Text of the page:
Of course, leaders face their greatest challenges during times of crisis. PMI’s investments in its own digital transformation paid unanticipated dividends in allowing it to quickly transition to virtual work as COVID-19 emerged as a global threat. The organization successfully converted to an all-virtual environment within the span of two weeks.

PMI was also early in responding to the crisis. Sunil put a crisis team in place to monitor the situation two months before the majority of the world’s organizations and governments shut down. Thanks to its newly installed regional operating model, it was able to gain early insights into the COVID-19 threat from its team in China. The organization quickly took measures to ensure the health and safety of its staff and stakeholders – implementing travel restrictions and hospital-level cleaning of its offices and facilities.

“The pandemic also accelerated our work in adapting our portfolio to a ‘digital first’ environment,” says Sunil. “We re-imagined all of our events, products, and services to meet a pool of stakeholders who were increasingly working from home. We even embraced online proctoring for our online certification exams and piloted new products – including Disciplined Agile, a comprehensive toolkit for working in agile ways – to serve a growing number of professionals operating in digital environments.”

Sunil, who speaks frequently about the need for empathy in leadership, has also “walked the talk” by hosting regular “coffee chats” to foster staff connections and information sharing. PMI has also introduced wellness support in the form of a staff holiday to fight burnout.

Finally, the pandemic has shone a light on the importance of project professionals in helping organizations navigate unprecedented levels of change. Project managers are the people skilled at turning change into opportunity, so the need for change makers will only grow in the years ahead. To support this community, PMI has provided more than 500,000 Professional Development Units (PDUs) free to its community and has made a variety of discounted certifications and courses available.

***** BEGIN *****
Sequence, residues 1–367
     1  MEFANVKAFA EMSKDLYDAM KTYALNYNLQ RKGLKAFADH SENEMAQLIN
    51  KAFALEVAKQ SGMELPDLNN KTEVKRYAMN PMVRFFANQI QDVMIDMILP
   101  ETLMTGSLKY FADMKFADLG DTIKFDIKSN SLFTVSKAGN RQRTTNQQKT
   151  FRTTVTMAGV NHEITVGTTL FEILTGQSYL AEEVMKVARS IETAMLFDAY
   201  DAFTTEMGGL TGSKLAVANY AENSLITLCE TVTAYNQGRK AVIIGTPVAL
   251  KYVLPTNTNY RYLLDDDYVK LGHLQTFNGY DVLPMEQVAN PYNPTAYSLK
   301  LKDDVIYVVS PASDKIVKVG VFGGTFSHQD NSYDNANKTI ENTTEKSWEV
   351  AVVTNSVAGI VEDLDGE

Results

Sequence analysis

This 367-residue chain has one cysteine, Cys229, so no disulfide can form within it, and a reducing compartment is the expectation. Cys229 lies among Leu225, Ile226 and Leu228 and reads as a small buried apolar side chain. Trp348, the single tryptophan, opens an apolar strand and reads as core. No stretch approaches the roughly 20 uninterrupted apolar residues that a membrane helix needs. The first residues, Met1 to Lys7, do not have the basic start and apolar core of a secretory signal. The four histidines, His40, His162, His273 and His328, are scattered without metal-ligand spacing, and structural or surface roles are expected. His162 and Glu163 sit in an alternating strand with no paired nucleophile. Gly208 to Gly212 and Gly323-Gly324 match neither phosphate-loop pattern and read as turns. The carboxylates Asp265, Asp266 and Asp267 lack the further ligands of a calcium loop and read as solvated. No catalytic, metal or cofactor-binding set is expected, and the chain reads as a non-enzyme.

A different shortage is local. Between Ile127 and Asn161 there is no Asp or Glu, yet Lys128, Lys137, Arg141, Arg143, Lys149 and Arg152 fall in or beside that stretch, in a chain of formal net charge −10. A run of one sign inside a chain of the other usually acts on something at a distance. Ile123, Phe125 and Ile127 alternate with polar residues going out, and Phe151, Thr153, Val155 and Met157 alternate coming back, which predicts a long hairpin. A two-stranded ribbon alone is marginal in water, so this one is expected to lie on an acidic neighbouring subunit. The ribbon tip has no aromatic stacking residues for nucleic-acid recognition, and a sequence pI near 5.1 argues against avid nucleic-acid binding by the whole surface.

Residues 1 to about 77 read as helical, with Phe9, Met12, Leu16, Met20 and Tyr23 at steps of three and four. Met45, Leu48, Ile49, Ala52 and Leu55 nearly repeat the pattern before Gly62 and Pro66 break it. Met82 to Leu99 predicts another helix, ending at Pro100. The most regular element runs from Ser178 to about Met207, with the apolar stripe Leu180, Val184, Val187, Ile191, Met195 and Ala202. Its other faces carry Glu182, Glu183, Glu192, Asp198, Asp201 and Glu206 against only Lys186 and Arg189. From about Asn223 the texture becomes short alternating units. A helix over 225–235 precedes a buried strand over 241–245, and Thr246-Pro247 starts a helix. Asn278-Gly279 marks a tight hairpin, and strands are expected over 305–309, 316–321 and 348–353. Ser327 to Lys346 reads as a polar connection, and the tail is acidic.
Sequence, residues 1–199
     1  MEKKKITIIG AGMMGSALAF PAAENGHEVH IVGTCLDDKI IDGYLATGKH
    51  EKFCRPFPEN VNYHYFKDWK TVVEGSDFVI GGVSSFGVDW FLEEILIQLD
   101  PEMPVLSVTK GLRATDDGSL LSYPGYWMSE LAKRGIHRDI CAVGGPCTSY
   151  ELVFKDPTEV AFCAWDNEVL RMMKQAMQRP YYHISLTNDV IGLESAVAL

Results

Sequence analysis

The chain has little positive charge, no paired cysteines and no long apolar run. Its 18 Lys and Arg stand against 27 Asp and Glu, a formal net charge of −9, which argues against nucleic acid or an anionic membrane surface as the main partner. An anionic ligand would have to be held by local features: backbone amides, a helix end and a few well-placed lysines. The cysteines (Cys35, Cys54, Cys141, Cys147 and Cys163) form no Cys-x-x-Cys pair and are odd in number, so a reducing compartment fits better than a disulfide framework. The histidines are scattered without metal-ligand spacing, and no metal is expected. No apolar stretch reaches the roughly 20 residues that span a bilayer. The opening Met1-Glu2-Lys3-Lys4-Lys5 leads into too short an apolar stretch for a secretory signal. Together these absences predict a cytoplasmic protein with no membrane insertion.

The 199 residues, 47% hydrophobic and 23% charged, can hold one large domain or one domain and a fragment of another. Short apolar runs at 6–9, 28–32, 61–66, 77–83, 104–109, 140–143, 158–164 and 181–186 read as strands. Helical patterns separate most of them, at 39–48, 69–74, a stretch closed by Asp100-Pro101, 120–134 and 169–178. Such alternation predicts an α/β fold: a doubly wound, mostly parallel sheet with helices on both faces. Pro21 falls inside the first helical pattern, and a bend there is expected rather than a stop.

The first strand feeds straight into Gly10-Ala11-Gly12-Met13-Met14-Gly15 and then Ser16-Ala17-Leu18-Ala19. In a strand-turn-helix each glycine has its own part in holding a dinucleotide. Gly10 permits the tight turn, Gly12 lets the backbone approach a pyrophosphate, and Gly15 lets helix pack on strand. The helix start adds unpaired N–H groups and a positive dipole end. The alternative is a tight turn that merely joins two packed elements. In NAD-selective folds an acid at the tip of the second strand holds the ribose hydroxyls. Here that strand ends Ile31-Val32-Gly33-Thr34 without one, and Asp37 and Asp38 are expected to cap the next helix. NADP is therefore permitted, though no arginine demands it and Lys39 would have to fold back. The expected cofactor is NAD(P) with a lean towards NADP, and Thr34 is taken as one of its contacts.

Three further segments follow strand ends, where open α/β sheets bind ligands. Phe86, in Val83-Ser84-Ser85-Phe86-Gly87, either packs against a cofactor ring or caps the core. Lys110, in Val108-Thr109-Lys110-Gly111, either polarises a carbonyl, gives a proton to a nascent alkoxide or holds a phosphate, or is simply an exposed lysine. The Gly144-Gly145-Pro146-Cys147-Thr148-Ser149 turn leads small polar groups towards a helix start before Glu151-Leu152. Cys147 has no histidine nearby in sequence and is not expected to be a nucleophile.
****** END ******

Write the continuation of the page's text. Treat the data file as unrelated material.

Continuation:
In the months ahead, PMI will continue providing compelling digital products, offerings and experiences not only to its traditional base of project managers but to a wide variety of change makers across sectors and industries. As the need for change agents accelerates around the globe, PMI will extend its footprint to a broader community than at any time in its previous50-year history.

“These efforts will include continued thought leadership and advocacy,” says Sunil, “helping organizations and individuals understand how work is changing in a ‘projectized’ world and why organizations must become ‘gymnastic’ – leveraging a mix of control and agility in driving solutions and achieving superior business outcomes.”

Sunil Prashara award

“Success today demands more than agility. It requires organizations to be almost gymnastic in their ability to pivot and respond to change.”

Sunil Prashara

President & CEO of Project Management Institute